EGU21-15817
https://doi.org/10.5194/egusphere-egu21-15817
EGU General Assembly 2021
© Author(s) 2021. This work is distributed under
the Creative Commons Attribution 4.0 License.

Classifying Copper-Molybdenum-Gold Porphyry Deposit Alteration using Magnetic and Spectral data

Oliver Dixon1, William McCarthy1, Nasser Madani2, Michael Petronis3, Steve McRobbie4, and Jonathan Cloutier5
Oliver Dixon et al.
  • 1Earth and Environmental Sciences, University of St.Andrews, St Andrews, United Kingdom (ojd4@st-andrews.ac.uk)
  • 2School of Mining and Geosciences, Nazarbayev University, Nur-Sultan, Republic of Kazakhstan
  • 3Natural Resource Management Department, New Mexico Highlands University, Las Vegas, USA
  • 4Wardell Armstrong Russia, Office 5050, 21/5 Kuznetsky Most Street, Moscow, Russia
  • 5Centre for Ore Deposit and Earth Sciences, University of Tasmania, Hobart Tasmania, Australia

Copper is one of the most important critical metal resources needed to achieve carbon neutrality with a projected increase in demand of >300% over the next half century from electronics and renewables.  Porphyry deposits account for most of the global copper production, but the discovery of new reserves is ever more challenging. Machine learning presents an opportunity to cross reference new and traditionally under-utilised data sets with a view to developing quantitative predictive models of hydrothermal alteration zones to guide new, ambitious exploration programs.

The aim of this study is to demonstrate a new alteration classification scheme driven by quantitative magnetic and spectral data to feed a machine learning algorithm. The benefits of an alteration model based on quantitative data rather than subjective observations by geologists, are that there is no bias in the data collected, the arising model is quantifiable and therefore easy to model and the process be fully automated. Ultimately, this approach aids more detailed exploration and mine modelling, in turn, reducing the extraction process carbon footprint and more effectively identifying new deposits.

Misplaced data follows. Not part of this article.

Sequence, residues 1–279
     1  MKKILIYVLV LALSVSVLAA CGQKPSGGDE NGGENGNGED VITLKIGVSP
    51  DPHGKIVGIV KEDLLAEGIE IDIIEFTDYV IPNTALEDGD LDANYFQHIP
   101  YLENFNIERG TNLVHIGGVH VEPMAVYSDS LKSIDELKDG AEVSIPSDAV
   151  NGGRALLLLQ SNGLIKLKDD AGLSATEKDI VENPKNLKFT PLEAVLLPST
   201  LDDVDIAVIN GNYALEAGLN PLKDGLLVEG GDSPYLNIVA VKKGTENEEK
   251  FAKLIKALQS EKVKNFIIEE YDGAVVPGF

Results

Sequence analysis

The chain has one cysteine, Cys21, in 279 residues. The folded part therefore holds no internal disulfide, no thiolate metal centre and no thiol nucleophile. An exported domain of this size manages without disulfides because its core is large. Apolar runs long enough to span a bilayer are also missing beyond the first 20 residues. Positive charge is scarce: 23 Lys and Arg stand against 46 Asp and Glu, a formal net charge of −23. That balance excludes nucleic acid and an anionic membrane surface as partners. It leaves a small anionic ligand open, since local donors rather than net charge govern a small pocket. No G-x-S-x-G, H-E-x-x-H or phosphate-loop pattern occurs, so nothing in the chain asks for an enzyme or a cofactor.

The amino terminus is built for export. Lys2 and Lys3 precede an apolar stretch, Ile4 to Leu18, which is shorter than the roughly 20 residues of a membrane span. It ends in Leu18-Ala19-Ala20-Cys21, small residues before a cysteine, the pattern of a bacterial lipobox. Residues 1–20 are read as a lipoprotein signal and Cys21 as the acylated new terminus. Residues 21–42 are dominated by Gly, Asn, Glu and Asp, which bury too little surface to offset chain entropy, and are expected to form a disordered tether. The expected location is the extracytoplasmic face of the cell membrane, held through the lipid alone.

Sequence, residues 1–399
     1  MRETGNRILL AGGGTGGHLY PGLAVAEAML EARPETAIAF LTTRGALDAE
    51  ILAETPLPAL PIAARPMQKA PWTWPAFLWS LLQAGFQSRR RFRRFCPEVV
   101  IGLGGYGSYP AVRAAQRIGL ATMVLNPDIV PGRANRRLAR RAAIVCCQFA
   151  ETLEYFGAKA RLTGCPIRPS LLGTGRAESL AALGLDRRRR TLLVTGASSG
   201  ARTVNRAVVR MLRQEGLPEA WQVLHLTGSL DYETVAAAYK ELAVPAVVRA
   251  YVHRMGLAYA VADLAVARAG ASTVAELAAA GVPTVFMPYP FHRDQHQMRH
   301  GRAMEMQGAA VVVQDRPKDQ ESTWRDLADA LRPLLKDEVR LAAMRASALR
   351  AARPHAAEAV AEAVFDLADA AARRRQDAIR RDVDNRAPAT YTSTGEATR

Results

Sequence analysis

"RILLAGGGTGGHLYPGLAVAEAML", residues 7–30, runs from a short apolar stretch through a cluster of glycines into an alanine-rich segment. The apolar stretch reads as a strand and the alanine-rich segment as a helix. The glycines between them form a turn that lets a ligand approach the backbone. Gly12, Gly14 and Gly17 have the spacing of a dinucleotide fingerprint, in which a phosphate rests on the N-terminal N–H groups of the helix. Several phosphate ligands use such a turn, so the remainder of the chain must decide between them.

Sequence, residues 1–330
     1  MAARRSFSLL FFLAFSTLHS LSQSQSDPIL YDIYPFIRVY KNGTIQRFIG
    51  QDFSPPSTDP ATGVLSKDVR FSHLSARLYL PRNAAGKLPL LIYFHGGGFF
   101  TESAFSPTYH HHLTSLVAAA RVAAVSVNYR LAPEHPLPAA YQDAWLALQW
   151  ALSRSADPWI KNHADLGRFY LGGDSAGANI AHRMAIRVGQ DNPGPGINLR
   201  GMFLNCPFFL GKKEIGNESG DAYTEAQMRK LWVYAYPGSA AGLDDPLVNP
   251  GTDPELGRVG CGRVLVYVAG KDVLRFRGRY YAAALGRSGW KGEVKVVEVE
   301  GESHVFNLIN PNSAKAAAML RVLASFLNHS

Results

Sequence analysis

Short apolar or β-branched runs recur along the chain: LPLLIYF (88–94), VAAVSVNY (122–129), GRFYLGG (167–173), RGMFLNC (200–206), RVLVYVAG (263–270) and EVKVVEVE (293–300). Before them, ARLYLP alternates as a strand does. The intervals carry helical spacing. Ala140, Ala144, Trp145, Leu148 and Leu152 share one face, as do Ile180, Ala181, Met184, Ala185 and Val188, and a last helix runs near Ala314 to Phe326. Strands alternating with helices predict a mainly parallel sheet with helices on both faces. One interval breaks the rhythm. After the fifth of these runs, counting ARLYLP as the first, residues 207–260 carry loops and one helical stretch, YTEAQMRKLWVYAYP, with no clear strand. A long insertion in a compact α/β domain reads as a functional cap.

Presented here are magnetic susceptibility and shortwave infrared (SWIR) data collected from the KazMinerals plc. owned Aktogay Cu-Mo giant porphyry deposit, eastern Kazakhstan, which has a throughput of 30Mtpa of ore. These data are cross referenced using a newly developed machine learning algorithm. Generated autonomously, our results reveal twelve statistically and geologically significant clusters that define a new alteration classification for porphyry style mineralisation. Results are entirely non-subjective, reproducible, quantitative and modellable.

Importantly, magnetic susceptibility measurements improve the algorithm’s ability to identify clusters by between 29-36%; enhancing the sophistication of the included magnetic data promises to yield substantially better statistical results. Magnetic remanence data are therefore being complied on representative samples from each of the twelve identified clusters, including hysteresis, isothermal remanent magnetisation (IRM) acquisition, FORC measurements, natural remanent magnetisation (NRM) and anhysteretic remanent magnetisation (ARM). Through collaboration with industry partners, we aim to develop an automated means of collecting these magnetic remanence data to accompany the machine learning algorithm.

How to cite: Dixon, O., McCarthy, W., Madani, N., Petronis, M., McRobbie, S., and Cloutier, J.: Classifying Copper-Molybdenum-Gold Porphyry Deposit Alteration using Magnetic and Spectral data, EGU General Assembly 2021, online, 19–30 Apr 2021, EGU21-15817, https://doi.org/10.5194/egusphere-egu21-15817, 2021.